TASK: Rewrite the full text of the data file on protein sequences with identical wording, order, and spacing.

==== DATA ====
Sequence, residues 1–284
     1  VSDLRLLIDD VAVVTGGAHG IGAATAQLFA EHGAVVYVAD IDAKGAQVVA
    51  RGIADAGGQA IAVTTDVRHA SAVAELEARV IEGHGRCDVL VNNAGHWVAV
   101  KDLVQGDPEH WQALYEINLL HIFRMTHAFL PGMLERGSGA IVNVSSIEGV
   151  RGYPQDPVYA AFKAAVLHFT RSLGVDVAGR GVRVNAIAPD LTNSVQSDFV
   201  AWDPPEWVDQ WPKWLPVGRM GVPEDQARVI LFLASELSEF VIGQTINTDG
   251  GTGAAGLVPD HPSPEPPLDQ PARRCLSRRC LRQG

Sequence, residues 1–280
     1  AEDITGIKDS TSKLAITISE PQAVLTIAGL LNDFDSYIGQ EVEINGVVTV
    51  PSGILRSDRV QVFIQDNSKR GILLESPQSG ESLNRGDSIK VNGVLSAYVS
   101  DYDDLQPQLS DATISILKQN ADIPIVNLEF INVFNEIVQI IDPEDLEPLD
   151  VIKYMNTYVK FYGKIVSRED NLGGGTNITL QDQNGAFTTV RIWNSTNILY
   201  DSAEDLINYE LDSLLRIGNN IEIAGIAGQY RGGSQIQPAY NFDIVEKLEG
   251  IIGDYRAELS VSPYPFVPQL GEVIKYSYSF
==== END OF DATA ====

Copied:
Sequence, residues 1–284
     1  VSDLRLLIDD VAVVTGGAHG IGAATAQLFA EHGAVVYVAD IDAKGAQVVA
    51  RGIADAGGQA IAVTTDVRHA SAVAELEARV IEGHGRCDVL VNNAGHWVAV
   101  KDLVQGDPEH WQALYEINLL HIFRMTHAFL PGMLERGSGA IVNVSSIEGV
   151  RGYPQDPVYA AFKAAVLHFT RSLGVDVAGR GVRVNAIAPD LTNSVQSDFV
   201  AWDPPEWVDQ WPKWLPVGRM GVPEDQARVI LFLASELSEF VIGQTINTDG
   251  GTGAAGLVPD HPSPEPPLDQ PARRCLSRRC LRQG

Sequence, residues 1–280
     1  AEDITGIKDS TSKLAITISE PQAVLTIAGL LNDFDSYIGQ EVEINGVVTV
    51  PSGILRSDRV QVFIQDNSKR GILLESPQSG ESLNRGDSIK VNGVLSAYVS
   101  DYDDLQPQLS DATISILKQN ADIPIVNLEF INVFNEIVQI IDPEDLEPLD
   151  VIKYMNTYVK FYGKIVSRED NLGGGTNITL QDQNGAFTTV RIWNSTNILY
   201  DSAEDLINYE LDSLLRIGNN IEIAGIAGQY RGGSQIQPAY NFDIVEKLEG
   251  IIGDYRAELS VSPYPFVPQL GEVIKYSYSF